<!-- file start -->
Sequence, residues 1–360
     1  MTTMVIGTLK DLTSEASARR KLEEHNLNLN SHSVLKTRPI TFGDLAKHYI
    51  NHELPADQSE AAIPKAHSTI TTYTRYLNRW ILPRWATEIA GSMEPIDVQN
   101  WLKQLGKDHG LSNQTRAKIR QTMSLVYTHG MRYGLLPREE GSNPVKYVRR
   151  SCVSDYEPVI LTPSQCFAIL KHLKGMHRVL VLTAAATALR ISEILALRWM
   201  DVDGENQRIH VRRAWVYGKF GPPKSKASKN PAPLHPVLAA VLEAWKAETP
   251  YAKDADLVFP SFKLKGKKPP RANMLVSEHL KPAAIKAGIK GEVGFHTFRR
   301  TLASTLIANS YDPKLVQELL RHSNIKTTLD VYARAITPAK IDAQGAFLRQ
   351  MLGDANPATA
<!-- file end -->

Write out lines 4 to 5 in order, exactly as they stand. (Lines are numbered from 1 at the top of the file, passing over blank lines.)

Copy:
   101  WLKQLGKDHG LSNQTRAKIR QTMSLVYTHG MRYGLLPREE GSNPVKYVRR
   151  SCVSDYEPVI LTPSQCFAIL KHLKGMHRVL VLTAAATALR ISEILALRWM